World Library  
Flag as Inappropriate
Email this Article

2008 Guinean military unrest

Article Id: WHEBN0017714274
Reproduction Date:

Title: 2008 Guinean military unrest  
Author: World Heritage Encyclopedia
Language: English
Subject: Military of Guinea, Education in Guinea, Komara government, Central Bank of the Republic of Guinea, Trade unions in Guinea
Publisher: World Heritage Encyclopedia

2008 Guinean military unrest

Military unrest occurred in Guinea in late May 2008 as soldiers of the Military of Guinea demanded wage arrears. In the capital, Conakry, soldiers fired into the air, held the deputy chief of staff of the army prisoner, and engaged in looting. The government promised to pay the soldiers, and by the end of May the situation was reportedly calm.

On May 20, 2008, President Lansana Conté dismissed Prime Minister Lansana Kouyaté and replaced him with Ahmed Tidiane Souaré.[1][2] Soldiers who were dissatisfied over their failure to receive wage arrears that in some cases dated back to 1996 were unhappy with Kouyaté's dismissal, feeling that without Kouyaté they had no one to whom they could address their grievances.[3]

The unrest began with gunfire at the Alfa Yaya Diallo barracks in Conakry early on May 26.[4] During this unrest, the soldiers fired into the air and demanded payment of their wage arrears; General Mamadou Sampil, the deputy chief of staff of the army, was taken prisoner by the soldiers at the Alfa Yaya Diallo barracks when he went to talk to them.[5][6] Eight people were reported injured and one was reported killed on May 26.[3][6] Among the injured were Major Korka Diallo, the officer in charge of military finances, and two other officers; these three officers were flown to Morocco for medical treatment.[7]

In response to the unrest, Souaré's government promised to pay the soldiers, and Minister of Defense Mamadou Bailo Diallo was dismissed by Conté.[5][6] Speaking on television on May 27,[5][8] Souaré called for calm, noting that the government had agreed to meet most of the soldiers' demands.[8] He said that up to five million Guinean francs would be paid to each soldier[5] to account for the wage arrears;[5][8] additionally, he assured the soldiers that they would not face punishment and said that soldiers who had been arrested in connection with 2007 unrest would be freed.[5] Regarding the soldiers' demand that the price of rice be subsidized, he said that the government would try to improve the army's living conditions.[8][9] Souaré also said that a commission, including both civilians and members of the military, had been set up at the beginning of the crisis to review the soldiers' demands. He said that "stability and social peace in the country depend mainly on order and discipline within our national armed forces".[9]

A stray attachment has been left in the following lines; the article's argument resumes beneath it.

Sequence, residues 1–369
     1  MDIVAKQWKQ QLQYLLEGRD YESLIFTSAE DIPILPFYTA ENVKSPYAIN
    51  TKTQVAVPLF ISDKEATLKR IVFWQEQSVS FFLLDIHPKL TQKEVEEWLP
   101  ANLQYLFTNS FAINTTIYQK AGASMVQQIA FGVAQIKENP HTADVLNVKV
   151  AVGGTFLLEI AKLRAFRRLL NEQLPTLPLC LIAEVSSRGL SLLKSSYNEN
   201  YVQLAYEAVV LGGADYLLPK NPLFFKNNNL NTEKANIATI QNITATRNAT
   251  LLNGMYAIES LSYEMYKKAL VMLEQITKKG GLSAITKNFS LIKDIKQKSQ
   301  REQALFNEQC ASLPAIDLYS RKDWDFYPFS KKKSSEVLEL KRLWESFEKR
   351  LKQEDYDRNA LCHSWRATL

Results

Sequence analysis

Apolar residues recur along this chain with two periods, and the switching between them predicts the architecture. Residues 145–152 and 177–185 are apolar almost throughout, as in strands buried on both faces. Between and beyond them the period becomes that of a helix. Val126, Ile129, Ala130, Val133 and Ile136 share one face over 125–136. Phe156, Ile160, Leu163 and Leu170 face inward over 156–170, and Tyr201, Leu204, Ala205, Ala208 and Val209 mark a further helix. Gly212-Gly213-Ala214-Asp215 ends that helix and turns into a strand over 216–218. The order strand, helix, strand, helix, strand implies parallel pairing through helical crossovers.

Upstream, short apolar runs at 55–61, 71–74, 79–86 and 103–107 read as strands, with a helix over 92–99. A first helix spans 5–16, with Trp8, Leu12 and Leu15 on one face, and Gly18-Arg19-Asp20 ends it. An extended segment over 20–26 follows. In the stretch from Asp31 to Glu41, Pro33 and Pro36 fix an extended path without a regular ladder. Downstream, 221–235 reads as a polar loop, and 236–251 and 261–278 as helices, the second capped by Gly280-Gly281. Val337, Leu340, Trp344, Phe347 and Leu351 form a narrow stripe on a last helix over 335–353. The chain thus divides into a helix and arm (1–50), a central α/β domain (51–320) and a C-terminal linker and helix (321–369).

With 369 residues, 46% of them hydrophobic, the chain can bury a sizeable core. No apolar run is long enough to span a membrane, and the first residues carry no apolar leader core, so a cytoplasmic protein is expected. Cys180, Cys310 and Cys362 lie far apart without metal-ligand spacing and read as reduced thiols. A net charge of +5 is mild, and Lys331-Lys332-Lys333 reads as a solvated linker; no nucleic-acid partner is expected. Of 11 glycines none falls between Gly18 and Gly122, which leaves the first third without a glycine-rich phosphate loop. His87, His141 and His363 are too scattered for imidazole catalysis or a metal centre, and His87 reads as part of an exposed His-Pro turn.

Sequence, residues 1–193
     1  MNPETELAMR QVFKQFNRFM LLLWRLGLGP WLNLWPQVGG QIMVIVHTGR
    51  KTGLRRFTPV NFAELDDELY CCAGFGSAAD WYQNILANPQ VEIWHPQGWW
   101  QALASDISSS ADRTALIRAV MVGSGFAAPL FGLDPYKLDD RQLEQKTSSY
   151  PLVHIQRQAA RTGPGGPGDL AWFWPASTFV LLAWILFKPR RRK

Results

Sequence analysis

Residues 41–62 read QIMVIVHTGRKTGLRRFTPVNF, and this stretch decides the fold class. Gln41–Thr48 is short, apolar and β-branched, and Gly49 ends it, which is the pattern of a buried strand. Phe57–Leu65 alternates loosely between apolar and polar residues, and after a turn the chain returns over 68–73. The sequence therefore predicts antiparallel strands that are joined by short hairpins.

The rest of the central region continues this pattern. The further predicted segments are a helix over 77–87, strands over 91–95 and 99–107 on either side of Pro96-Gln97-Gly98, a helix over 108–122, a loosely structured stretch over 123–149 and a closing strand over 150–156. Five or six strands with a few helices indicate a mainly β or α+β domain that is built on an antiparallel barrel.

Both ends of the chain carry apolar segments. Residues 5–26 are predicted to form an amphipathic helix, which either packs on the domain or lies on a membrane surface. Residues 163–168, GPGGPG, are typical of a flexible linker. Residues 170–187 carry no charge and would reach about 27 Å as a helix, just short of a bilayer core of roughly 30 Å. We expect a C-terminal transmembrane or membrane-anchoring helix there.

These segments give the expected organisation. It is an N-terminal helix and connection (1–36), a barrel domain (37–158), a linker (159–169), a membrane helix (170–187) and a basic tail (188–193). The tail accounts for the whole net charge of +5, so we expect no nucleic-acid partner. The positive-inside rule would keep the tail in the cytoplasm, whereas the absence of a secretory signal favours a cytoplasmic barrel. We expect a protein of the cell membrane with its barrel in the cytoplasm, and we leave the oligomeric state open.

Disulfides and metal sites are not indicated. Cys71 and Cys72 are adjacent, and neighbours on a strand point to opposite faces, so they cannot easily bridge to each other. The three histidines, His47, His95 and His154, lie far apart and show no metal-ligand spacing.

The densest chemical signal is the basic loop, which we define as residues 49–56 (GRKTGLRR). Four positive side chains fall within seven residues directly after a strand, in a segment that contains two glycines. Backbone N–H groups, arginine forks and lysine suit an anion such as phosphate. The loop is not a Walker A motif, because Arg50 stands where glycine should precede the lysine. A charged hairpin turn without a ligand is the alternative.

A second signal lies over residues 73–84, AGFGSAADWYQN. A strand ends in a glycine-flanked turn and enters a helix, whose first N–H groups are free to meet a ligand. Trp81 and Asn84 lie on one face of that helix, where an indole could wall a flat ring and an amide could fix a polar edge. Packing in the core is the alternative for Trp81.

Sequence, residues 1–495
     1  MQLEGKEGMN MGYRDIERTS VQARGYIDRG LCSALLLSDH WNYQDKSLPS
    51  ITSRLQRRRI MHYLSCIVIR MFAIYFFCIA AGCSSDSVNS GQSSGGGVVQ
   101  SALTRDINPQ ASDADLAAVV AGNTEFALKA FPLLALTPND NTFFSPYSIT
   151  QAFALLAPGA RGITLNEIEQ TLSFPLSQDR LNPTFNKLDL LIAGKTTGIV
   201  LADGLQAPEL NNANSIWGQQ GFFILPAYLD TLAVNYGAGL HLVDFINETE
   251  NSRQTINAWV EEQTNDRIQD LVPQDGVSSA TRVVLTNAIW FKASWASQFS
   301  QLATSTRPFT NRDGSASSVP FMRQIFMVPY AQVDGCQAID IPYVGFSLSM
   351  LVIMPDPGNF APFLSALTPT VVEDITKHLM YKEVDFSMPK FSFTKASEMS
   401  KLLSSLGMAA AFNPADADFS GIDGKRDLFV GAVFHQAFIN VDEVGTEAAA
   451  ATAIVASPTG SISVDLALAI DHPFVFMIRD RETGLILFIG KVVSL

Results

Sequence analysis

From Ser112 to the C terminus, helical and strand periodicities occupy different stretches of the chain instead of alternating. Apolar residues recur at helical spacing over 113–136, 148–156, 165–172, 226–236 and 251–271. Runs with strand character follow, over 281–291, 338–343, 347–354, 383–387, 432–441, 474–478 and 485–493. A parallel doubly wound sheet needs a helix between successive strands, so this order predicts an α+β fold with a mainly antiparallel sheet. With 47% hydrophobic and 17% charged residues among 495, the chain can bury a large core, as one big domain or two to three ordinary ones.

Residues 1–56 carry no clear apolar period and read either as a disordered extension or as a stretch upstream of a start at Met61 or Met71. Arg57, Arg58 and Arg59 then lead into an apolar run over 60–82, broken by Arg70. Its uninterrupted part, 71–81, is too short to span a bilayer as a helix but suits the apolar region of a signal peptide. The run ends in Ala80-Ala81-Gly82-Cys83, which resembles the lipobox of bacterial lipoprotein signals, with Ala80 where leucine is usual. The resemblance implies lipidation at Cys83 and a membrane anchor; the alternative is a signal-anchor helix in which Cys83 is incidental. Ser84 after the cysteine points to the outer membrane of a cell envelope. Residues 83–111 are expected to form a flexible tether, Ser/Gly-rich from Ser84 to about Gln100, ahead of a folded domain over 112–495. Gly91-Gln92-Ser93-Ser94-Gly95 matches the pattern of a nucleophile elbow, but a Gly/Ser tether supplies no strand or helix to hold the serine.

Despite Souaré's assurances, violence escalated on May 28, with soldiers engaging in looting in Conakry and continuing to fire into the air; at least 20 injuries were reported.[3] Late on May 28 they entered the airport in Conakry, firing into the air and forcing a recently arrived cargo plane to depart without unloading its cargo; the soldiers deemed this cargo plane to be suspicious. Due to the disruption, the airport was closed and incoming flights were diverted; among these was an Air France flight carrying the Guinea national football team. Instead, the flight landed in Dakar.[10]

On May 29, it was reported that the soldiers had increased their demands to include the dismissal of all officers above the rank of colonel;[7] on the same day, during an exchange of gunfire between presidential guards and mutinous soldiers at the November 8 Bridge, two presidential guards were reportedly injured.[11] The home of dismissed Defense Minister Mamadou Bailo Diallo in Dubreka, near Conakry, was reportedly destroyed; also, the home of Mougne Donzo, the Commander of the Presidential Security Battalion, in Koloma District was reportedly ransacked.[12]

Early on May 30, supporters of Conté held a demonstration at the Palace of the People in Conakry, condemning the unrest.[13] The soldiers began receiving their back pay on May 30,[14][15] as initial payments of one million Guinean francs were distributed;[15] subsequently, Conakry was reported calm,[14][15] but on May 30 most markets, shops, offices, and gas stations remained closed.[15] On the same day, Conté met with the mutinous soldiers at the Samory Touré camp.[16]

The National Council of Guinean Civil Society Organizations (CNOSCG) condemned violence against civilians and called for an unconditional end to gunfire in a statement on May 31.[17] Life in Conakry returned to normal by June 1, as gas stations reopened, black market gas prices fell substantially, transport fares were brought down to the normal level, and the normal flow of traffic in the city resumed. Calm was also reported in Kindia and Nzérékoré.[16]